As director of information systems for Technology Information and Educational Services (TIES), Helmut Porcher knows quite a bit about technology. The organization was created in 1967 as a nonprofit consortium to provide technology and information resources to school administrators, educators, and students. Today, TIES is owned by 37 Minnesota member school districts that represent about 400 schools with a total enrollment of more than 245,000 students. School CIO recently caught up with Porcher to learn how TIES helps member districts plan for the worst.
Q. How are you counseling members on planning for disasters?
A. Currently, we’re doing quite a bit with disaster recovery. Most of our efforts revolve around a focus group that’s meeting on a regular basis. Attendees can be anybody who we provide services to. In the meetings, they go step-by-step through the setup of disaster recovery plan.
Q. What are the steps?
A. First, districts need to perform a risk assessment to see just what might happen in the event of the worst-case scenario. Once they’ve done that assessment, the question becomes one of tolerance for unavailability in certain resources. We ask participants in the focus group to define what those resources are. From there, the process is more straightforward and includes things like maintaining a list of all of your suppliers, keeping a complete inventory of all technology resources within the school district, and so on.
Q. Should districts do this process alone or with help from outside firms?
A. That all depends on the district. Things like a risk assessment are best when done by a consultant. That’s not to say that schools can’t do it themselves, it’s just that an outside party usually has a better handle on being completely objective. Most of the districts that belong to TIES have chosen to handle the assessment and disaster planning on their own. That’s why they participate in our focus group!
Q. So what other key questions should schools ask themselves in preparing a plan?
A. We could talk about key questions for days. Do you have contractual agreements that require you to have your IT information accessible? If you’re a school district and you’re doing your own in-house processing of payroll, are there contractual commitments that you made with the teachers union? When we’re talking about offsite backup—do they provide support? Do they have the same equipment? Do you need to provide your own? What type of network infrastructure do they have? What is the estimated amount of numbers or days to get back up and running? Will they do offsite data replication?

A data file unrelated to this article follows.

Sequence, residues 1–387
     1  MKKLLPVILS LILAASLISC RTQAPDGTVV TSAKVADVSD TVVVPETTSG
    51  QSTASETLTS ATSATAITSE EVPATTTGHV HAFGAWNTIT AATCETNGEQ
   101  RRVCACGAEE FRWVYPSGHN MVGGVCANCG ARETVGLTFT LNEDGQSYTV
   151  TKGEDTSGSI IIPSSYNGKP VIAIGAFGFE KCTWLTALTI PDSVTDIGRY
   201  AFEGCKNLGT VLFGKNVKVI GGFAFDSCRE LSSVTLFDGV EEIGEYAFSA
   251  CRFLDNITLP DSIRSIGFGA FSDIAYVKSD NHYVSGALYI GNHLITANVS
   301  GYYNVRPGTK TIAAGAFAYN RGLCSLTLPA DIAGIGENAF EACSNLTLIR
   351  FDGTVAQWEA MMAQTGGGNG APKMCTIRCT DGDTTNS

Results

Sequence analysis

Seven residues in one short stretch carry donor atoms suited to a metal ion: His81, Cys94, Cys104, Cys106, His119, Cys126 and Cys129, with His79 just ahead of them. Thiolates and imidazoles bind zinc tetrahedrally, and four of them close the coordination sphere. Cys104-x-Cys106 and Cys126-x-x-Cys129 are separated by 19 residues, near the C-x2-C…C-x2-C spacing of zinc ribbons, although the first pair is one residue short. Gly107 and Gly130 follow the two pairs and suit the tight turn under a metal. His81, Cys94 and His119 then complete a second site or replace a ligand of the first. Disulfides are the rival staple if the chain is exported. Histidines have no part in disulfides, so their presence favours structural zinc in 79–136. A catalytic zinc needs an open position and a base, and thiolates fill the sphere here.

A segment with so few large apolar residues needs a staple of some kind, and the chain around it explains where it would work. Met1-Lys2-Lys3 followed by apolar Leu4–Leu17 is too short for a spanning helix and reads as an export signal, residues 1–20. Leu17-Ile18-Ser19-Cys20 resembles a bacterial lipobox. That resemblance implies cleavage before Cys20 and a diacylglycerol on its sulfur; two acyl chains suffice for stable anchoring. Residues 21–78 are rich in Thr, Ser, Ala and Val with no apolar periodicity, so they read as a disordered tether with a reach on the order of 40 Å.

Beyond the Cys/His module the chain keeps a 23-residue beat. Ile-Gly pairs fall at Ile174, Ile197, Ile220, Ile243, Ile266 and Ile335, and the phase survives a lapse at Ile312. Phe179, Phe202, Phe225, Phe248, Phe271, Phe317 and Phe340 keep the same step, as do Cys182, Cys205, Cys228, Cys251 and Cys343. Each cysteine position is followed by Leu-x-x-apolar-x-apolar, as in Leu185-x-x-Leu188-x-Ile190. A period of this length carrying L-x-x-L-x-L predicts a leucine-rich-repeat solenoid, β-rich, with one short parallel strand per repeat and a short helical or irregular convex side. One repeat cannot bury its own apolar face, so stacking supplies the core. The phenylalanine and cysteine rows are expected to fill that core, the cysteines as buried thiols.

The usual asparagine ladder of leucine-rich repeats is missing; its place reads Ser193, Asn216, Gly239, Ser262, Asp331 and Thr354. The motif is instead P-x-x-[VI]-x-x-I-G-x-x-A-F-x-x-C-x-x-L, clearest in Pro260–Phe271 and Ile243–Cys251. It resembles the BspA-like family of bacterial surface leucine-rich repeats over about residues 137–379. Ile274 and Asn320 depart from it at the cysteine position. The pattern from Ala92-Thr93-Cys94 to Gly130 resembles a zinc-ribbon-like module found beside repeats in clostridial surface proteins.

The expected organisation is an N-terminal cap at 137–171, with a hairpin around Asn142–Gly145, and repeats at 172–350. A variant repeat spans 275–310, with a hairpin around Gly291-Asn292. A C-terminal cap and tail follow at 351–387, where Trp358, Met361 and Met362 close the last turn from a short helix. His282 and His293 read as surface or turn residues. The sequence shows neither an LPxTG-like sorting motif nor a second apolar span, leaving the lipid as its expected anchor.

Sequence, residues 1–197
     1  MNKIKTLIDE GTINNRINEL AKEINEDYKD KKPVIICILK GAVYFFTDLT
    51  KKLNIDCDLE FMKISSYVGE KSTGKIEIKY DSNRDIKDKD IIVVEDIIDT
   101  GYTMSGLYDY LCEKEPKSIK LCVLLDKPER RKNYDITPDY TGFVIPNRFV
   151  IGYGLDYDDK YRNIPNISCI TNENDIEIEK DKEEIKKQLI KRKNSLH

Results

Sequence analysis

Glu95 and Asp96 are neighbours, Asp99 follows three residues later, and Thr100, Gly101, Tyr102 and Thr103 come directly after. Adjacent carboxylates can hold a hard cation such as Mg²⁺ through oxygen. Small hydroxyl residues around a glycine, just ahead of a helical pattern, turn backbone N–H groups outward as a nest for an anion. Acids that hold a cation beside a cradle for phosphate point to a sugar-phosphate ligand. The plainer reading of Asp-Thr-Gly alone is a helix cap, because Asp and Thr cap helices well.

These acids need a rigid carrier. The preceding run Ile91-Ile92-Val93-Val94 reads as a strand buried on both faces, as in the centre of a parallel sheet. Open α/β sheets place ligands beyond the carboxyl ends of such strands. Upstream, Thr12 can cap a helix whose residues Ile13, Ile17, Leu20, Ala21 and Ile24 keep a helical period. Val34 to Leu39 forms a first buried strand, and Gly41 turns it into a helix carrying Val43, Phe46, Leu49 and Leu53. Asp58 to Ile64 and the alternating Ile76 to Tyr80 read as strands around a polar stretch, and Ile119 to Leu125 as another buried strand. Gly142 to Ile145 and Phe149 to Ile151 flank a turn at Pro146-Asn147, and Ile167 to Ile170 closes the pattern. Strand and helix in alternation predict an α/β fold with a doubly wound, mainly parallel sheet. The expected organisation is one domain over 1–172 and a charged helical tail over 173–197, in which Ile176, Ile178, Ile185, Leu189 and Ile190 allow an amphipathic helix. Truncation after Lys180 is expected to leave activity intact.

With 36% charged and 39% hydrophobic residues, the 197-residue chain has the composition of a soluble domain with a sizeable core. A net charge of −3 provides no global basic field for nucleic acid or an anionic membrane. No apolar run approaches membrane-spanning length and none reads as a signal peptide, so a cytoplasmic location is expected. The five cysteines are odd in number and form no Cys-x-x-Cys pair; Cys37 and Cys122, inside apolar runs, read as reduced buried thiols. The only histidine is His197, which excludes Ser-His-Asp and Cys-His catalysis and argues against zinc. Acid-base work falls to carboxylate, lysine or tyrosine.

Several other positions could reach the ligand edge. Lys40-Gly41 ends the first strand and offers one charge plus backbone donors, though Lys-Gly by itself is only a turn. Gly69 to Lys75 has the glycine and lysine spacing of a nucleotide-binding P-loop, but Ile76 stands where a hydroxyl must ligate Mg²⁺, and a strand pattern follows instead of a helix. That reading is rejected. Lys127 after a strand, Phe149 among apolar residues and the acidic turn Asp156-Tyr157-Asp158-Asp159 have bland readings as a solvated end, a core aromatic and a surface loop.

Q. Those are a lot of questions. What’s the most important one to ask?
A. For our schools, the key question is: What are the legal requirements for information that a district must back up? In Minnesota, districts are required by law to have disaster backups for certain types of data such as student records, student information, and private things like that. Other states may have similar laws, so before a school district sits down to craft a disaster recovery plan, they need to check into it.
Q. Do you have sample disaster recovery plans you can share?
A. We don’t have sample plans, but our focus group is working on a template. They are going through the process of modifying it to meet their own local needs. For those who are interested in following the progress of this effort or in learning more about TIES, visit our Web site at www.ties.k12.mn.us.
Matt Villano is contributing editor of School CIO.